Windows 11 update crashes and burns on some PCs due to ‘unsupported CPU’ error

Windows 11 has a new spanner in the works with the latest update for the operating system, a worrying one that crashes the PC with an ‘unsupported processor’ error.

The Verge reports that they – and other folks on Reddit – have experienced this error, and that it happened after installing the KB5029351 update for Windows 11 22H2. Note that this is a preview update, so it’s optional and doesn’t have to be installed (it won’t be downloaded unless you manually check for updates and choose to do so).

In affected cases, after installing the update, a Blue Screen of Death appears with the mentioned error message about the CPU not being supported by Windows 11, and the PC then reboots.

The good news is that the system apparently recovers and rolls back the patch, according to reports (and The Verge says this is what happened to them).

Microsoft has acknowledged the problem, and advises: “KB5029351 might automatically uninstall to allow Windows to start up as expected.”

The common factor among those who have encountered this bug is that they have an MSI motherboard (with an Intel CPU) that has been updated to the most recent BIOS release.

Microsoft informs us: “We are presently investigating to determine if this is an issue caused by Microsoft. We will provide an update when more information is available.”

Analysis: Prevention measures in place – but there’s still scope for concern

While we’re all likely aware that Windows 11 brought in some much stricter requirements for supported CPUs compared to Windows 10, being told that their processor was unsupported probably caused a few folks to almost fall out of their chairs.

As reported, the error should allow the PC to reboot and uninstall the update to go back to normal, but Microsoft’s use of the term ‘might’ automatically uninstall in its advisory does leave some room for concern. What if it doesn’t? That could be a nasty problem indeed.

The good news is that Microsoft has now instigated measures to prevent the Windows 11 update in question from being delivered to PCs that will be affected (those with Intel chipset-toting MSI motherboards on that most recent BIOS). So, at this point, you don’t have to worry – if you do fall into this group of PC owners, the patch will be pulled, and you won’t be offered it under Windows Update.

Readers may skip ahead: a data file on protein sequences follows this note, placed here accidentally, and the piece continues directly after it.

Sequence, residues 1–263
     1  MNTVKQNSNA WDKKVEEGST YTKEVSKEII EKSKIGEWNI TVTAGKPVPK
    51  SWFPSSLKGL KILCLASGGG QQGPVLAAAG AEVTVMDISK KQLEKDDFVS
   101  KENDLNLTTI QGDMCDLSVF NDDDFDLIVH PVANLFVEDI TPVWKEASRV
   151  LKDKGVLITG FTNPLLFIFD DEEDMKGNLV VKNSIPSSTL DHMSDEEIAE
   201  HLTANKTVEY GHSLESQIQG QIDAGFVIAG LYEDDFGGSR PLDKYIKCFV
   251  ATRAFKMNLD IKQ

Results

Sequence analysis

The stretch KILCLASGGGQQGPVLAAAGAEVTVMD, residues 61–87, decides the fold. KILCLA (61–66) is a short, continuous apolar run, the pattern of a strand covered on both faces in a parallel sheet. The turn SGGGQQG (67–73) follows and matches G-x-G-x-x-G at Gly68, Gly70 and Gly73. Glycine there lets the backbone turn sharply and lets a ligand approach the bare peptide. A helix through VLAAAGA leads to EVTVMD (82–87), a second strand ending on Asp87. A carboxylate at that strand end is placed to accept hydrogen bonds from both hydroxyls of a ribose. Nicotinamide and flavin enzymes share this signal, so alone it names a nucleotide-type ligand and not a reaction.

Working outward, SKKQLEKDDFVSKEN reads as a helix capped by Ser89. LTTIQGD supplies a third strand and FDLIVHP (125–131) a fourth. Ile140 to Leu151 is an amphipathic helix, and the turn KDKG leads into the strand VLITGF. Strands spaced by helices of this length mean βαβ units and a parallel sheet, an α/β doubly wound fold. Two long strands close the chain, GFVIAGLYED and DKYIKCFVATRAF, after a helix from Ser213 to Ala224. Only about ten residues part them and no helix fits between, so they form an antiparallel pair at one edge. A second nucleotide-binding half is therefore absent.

The remaining concern, then, is that this optional preview patch becomes the full (mandatory) update for Windows 11 22H2 in September. So Microsoft will have to make very sure this bug is fully squashed by that time – or that MSI addresses it with a new BIOS update that happens in a swift manner, if it isn’t a glitch in the Windows matrix.

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Windows 11 could be watermarked on unsupported PCs

Windows 11 has been changed so that it now presents a more visible warning, using a watermark on the desktop to caution those running the OS on an unsupported PC that the device doesn’t meet its system requirements – although this move is only in testing right now.

It follows a previous tweak whereby Microsoft placed a cautionary ‘system requirements not met’ message within System Settings, again only in preview builds of Windows 11, but the watermark – which appears above the system tray (where the clock is, bottom-right) – is a far heavier-handed warning.

Again, it states ‘system requirements not met’, but its permanent presence as a desktop watermark, in the same vein as the Windows warning that the OS isn’t activated, is a definite eyesore and a more annoying introduction.

Windows Latest spotted this, and further observes that Microsoft is currently testing the new watermark with some Windows 11 users running preview builds, and gauging reaction.

So, while this may not necessarily make the cut for the release version of Windows 11, it could well do in theory.

Given this, and the addition of the previous minor warning under Settings, we can guess that Microsoft’s intention is to go further down the road of taking action against Windows 11 being run on unsupported machines.

Analysis: Unsupported PCs effectively on borrowed time?

The long and short of this latest move is that those running Windows 11 on a PC which doesn’t meet the system requirements are seemingly on borrowed time.

When the previous warning was introduced in settings, we recall some commentators saying ‘at least it’s not a desktop watermark or something horrible like that’. Well, now it is a permanent watermark, in test builds anyway.

We’ve said all along that Microsoft has maintained that when it comes to unsupported PCs, Windows 11 updates won’t be delivered, and even though they are still piped through to these systems now, eventually it seems very likely they won’t be.

This potential shift up a gear with warnings is another indication that Microsoft will actually cut support for updates perhaps sooner rather than later, so anyone running Windows 11 on an unsupported device needs to begin rethinking their operating system strategy.

Microsoft has always maintained that using Windows 11 on a PC that doesn’t meet its requirements could cause ‘damage’ to the machine. And really, the only reason there are loopholes to get the new OS on such devices is to allow folks to give Windows 11 a run out and test to see if they like it, presumably with the hope that if this is the case, they will upgrade whatever elements are necessary to fully support the operating system.

At any rate, it’s very much starting to look like the day when updates are cut-off completely may not be all that far away.

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